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FBI probing AT&T iPad security breach
WASHINGTON/NEW YORK |
WASHINGTON/NEW YORK (Reuters) - The Federal Bureau of Investigation has opened a probe into a security breach of Apple Inc's iPad that exposed personal information of AT&T Inc customers.
"The FBI is aware of these possible computer intrusions and has opened an investigation to address the potential cyber threat," FBI spokesman Jason Pack said on Thursday.
AT&T, which has exclusive U.S. rights to carry the iPad and the popular iPhone, has acknowledged the security breach but said it had corrected the flaw and that only email addresses were exposed to hackers who identified a security weakness.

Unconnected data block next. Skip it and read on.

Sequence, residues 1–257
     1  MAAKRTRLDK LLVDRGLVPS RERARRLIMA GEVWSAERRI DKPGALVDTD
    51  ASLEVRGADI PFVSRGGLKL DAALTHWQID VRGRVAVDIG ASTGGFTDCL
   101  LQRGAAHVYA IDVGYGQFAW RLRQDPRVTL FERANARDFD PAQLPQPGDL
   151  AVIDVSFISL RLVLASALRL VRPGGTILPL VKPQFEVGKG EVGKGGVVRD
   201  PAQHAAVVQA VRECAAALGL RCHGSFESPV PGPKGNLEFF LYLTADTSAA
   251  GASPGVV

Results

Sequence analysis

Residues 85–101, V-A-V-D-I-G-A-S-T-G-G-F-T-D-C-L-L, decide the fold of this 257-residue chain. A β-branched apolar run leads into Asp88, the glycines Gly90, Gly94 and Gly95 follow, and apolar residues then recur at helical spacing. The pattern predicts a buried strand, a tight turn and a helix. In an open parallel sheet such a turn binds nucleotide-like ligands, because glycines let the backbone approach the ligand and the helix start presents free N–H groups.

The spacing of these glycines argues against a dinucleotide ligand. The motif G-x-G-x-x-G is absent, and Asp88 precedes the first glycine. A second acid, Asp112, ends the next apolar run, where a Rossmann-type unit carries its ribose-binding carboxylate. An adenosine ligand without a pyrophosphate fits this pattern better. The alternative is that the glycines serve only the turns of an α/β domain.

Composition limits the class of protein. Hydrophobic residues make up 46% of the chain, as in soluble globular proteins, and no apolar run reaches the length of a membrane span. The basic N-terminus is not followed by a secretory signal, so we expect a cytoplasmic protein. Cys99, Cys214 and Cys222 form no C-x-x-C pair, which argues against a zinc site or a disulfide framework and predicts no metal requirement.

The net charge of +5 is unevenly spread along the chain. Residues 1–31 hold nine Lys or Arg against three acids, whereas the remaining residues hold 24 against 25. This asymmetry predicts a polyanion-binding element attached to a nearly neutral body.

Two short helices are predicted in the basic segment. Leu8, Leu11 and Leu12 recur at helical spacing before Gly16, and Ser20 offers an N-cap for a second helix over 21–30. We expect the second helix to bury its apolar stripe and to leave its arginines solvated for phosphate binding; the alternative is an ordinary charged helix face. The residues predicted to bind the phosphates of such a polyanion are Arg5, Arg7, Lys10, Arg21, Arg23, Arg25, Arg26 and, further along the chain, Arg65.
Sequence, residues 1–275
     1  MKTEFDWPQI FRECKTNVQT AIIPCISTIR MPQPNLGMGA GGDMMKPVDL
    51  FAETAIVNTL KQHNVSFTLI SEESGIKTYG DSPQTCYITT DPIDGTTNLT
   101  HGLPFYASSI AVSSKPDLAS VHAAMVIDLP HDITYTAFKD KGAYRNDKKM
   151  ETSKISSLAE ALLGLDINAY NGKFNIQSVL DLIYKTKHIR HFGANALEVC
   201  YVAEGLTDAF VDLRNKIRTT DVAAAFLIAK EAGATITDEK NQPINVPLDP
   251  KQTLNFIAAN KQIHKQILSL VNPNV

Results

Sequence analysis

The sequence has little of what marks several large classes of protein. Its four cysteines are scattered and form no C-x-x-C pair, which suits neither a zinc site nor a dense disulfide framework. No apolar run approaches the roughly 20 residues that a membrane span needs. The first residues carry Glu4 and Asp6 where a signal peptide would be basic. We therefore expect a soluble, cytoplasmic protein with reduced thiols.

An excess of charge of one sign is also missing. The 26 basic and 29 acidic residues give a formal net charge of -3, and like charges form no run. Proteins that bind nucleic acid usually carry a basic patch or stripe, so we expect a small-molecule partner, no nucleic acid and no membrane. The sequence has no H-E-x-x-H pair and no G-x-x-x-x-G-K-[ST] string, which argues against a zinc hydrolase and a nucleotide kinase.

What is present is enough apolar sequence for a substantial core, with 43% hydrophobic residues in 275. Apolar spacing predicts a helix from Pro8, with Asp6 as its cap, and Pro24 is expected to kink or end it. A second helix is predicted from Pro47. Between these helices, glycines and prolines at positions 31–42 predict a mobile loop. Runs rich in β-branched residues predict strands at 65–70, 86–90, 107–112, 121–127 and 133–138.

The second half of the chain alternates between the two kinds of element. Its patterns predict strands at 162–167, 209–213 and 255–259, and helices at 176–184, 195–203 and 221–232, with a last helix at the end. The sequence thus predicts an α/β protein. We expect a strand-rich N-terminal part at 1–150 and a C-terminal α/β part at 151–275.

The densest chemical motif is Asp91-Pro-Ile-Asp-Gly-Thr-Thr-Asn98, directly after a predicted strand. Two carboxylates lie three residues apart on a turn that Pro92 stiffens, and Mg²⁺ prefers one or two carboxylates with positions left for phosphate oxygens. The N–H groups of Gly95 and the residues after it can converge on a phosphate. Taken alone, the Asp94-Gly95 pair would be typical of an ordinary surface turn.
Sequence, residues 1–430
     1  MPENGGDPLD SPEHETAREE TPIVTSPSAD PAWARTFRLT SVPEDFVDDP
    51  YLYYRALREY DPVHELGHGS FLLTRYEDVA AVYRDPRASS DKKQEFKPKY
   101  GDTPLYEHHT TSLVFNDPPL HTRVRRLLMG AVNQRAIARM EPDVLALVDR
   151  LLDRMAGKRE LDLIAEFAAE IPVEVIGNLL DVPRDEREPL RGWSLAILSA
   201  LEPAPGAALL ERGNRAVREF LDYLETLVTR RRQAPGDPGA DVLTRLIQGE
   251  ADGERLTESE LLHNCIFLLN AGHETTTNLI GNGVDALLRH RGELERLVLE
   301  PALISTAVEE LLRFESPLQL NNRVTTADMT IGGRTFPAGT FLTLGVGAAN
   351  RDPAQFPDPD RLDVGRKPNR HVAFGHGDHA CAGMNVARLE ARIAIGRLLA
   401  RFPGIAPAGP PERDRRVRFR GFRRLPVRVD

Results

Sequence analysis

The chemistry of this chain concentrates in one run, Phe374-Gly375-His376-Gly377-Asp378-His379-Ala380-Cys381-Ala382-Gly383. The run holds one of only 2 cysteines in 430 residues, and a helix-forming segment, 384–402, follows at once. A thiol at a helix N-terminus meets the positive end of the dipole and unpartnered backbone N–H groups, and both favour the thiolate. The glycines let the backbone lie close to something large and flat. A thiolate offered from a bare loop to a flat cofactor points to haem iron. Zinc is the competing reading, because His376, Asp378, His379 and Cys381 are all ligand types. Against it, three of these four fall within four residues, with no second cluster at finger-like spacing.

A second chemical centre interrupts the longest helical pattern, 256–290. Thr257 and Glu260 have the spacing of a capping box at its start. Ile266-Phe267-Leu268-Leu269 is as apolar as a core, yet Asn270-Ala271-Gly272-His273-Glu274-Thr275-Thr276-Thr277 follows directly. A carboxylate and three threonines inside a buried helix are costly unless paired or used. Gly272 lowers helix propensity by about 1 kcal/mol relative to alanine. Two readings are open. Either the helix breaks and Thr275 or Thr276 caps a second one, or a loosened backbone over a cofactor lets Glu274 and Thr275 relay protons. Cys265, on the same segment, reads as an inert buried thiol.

It declined to comment on the FBI investigation.
The breach, first reported by the website Gawker on Wednesday, occurred when a group calling itself Goatse Security hacked into AT&T's iPad subscriber data, obtaining a list of email addresses that included celebrities, chief executives and politicians, including New York Mayor Michael Bloomberg. In all, more than 100,000 email addresses are believed to have been exposed.
Goatse could not immediately be reached for comment.
One source in the telecommunications industry said it was not surprising that the FBI was looking at the breach.
"If there's a high profile data compromise it's not unusual to get a phone call from government officials," said the executive, who asked not to be named.
The iPad, launched in April, has already sold more than 2 million units worldwide.
(Reporting by Jeremy Pelofsky in Washington D.C. and Sinead Carew in New York; Editing by Bernard Orr and Tim Dobbyn)
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